Education Minister Peter Collier is preparing to launch a "full and thorough investigation" into the way an elite private school handled a series of warnings about a sexual predator among its teaching staff.
The Weekend West revealed on Saturday the school, which is not named for legal reasons, received detailed reports from other teachers about concerns that their long-time colleague was inappropriately touching boys in his classes.
He was given three written warnings by headmasters in 1999, 2001 and 2004 about the school policy prohibiting physical contact but was allowed to continue teaching until 2009, when a police investigation was launched following a complaint by a former student.
The 60-year-old, who has not been identified for legal reasons, was jailed for five years last week after being convicted of 13 sexual offences involving five former Year 4 and 5 students between 1999 and 2009.
Private schools are not required to make the Education Department aware of police investigations and it is understood Mr Collier was unaware of the school's inaction before Saturday.
He said yesterday he had asked the Department of Education Services to seek advice from the District Court about identifying the school before launching an inquiry.
"If the court provides this information, I will be in a position to use my powers under the School Education Act 1999 for the department to conduct a full and thorough investigation into the matter," he said.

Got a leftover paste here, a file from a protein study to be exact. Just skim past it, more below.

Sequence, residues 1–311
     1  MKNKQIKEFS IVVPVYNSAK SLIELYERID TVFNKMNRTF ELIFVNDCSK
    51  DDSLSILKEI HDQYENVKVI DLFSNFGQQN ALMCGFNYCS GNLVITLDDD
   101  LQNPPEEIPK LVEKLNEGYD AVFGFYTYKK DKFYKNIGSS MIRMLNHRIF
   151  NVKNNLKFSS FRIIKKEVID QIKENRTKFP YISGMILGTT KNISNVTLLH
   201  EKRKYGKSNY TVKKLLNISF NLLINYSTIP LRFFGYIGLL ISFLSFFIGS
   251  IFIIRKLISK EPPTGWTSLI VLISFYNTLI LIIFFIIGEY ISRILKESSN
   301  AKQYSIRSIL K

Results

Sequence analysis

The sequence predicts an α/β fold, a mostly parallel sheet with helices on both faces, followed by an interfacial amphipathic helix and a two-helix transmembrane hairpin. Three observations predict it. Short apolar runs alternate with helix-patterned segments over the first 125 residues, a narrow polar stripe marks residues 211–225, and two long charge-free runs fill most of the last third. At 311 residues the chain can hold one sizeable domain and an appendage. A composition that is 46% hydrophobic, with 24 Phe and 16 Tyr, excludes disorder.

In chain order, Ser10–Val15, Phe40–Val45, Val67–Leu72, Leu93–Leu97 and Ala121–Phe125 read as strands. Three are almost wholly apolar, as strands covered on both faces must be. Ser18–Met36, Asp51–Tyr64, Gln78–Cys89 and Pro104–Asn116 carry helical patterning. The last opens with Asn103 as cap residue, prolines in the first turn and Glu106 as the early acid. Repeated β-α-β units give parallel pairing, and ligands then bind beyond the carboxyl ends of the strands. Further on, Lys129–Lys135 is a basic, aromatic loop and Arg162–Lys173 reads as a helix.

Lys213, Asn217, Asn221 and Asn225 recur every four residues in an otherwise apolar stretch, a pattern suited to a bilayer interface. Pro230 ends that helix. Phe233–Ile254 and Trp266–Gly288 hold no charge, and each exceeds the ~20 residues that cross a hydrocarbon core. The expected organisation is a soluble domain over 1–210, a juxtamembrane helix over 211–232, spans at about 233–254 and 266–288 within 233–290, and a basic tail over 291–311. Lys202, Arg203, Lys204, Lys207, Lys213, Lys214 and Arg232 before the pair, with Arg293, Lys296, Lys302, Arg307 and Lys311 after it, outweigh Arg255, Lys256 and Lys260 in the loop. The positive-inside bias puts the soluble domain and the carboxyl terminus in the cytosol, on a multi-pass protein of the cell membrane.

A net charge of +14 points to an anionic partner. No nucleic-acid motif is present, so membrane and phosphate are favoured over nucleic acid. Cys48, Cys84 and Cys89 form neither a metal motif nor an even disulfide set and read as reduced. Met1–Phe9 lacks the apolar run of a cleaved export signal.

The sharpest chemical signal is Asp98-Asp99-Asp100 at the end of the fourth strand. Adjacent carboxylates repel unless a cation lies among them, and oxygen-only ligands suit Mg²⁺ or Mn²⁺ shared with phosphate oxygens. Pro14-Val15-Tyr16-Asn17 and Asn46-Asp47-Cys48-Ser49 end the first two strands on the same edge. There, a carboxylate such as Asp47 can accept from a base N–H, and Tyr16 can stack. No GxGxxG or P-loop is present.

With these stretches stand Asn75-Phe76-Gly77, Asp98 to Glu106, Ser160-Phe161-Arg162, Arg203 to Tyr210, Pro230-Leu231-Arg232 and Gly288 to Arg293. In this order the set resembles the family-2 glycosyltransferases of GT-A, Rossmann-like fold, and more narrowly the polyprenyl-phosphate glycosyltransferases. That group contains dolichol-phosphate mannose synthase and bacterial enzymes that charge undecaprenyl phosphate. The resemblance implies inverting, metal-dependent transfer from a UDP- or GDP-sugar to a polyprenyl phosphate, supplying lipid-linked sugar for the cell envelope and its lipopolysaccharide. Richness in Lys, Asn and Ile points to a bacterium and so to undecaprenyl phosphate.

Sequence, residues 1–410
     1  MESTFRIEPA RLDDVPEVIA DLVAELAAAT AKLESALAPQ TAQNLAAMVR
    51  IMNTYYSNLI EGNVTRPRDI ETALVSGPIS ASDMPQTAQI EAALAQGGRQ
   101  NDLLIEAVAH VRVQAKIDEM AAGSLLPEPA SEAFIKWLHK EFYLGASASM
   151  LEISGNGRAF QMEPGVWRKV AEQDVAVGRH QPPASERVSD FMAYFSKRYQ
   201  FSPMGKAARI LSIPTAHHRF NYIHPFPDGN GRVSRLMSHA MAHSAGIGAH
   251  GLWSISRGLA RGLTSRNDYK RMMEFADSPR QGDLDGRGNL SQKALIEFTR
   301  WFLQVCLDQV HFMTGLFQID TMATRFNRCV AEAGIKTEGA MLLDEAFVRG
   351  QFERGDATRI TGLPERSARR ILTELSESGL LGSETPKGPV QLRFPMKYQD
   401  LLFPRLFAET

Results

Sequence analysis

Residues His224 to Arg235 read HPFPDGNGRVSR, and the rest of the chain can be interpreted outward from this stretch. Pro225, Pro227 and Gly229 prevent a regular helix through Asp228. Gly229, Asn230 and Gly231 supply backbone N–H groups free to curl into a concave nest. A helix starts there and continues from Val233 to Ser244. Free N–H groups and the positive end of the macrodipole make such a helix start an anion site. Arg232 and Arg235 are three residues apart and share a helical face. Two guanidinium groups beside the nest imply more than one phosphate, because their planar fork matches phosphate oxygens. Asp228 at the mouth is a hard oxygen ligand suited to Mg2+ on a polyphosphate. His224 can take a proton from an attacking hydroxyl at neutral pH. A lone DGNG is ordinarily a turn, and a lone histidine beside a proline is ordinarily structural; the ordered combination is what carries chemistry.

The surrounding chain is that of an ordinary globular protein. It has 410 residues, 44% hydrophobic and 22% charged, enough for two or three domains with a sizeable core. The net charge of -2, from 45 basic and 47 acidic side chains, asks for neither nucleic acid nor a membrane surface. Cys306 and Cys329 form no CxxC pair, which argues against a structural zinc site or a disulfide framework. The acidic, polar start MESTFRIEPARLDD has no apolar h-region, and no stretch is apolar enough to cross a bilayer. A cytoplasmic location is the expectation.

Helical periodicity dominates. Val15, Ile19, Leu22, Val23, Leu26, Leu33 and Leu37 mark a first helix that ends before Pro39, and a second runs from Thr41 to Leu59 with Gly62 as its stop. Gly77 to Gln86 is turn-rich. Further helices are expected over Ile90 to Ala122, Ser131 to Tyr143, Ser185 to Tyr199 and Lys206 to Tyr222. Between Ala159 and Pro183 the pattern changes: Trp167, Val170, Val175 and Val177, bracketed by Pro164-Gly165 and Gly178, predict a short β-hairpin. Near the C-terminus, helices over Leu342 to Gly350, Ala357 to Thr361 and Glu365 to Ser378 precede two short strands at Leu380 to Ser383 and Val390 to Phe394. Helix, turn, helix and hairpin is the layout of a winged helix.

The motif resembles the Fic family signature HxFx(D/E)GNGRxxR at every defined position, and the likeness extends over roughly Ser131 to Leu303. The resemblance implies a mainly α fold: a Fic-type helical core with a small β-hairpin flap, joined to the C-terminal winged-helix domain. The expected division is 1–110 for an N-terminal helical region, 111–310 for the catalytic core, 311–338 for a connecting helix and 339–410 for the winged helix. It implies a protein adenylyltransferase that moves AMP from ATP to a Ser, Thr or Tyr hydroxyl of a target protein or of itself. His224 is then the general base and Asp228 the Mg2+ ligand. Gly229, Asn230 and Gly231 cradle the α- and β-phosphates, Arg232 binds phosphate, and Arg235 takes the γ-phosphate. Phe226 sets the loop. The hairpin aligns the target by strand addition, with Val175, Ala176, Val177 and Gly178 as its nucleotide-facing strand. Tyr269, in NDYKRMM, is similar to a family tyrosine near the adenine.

Mr Collier said the case had highlighted some potential inconsistencies between the way allegations of sexual abuse were reported to the appropriate regulators in government and non-government schools.
"I will instigate changes to the regulations for non-government schools to ensure these types of allegations and incidents are reported directly to the Department of Education Services, similar to requirements in place in the government schools sector," he said.
"I have also asked this department to investigate a Memorandum of Understanding with WA Police that ensures the regulator of non-government schools is made aware of any allegations or investigations relating to sexual abuse of independent school students.
"This would be similar to the MOU in place between the Department of Education and WA Police."
Child Protection Minister Robyn McSweeney said teachers and principals would now handle complaints differently under mandatory reporting requirements.
"The introduction of mandatory reporting in January 2009 should have made a difference," she said. "Under this scheme, every teacher understands that if they have a reasonable belief of sexual abuse towards a child, they are required by law to report it to the Department for Child Protection's mandatory reporting service."
Opposition child protection spokeswoman Sue Ellery said that even before mandatory reporting, the school's principals had a "moral obligation" to refer the warnings to teachers to authorities.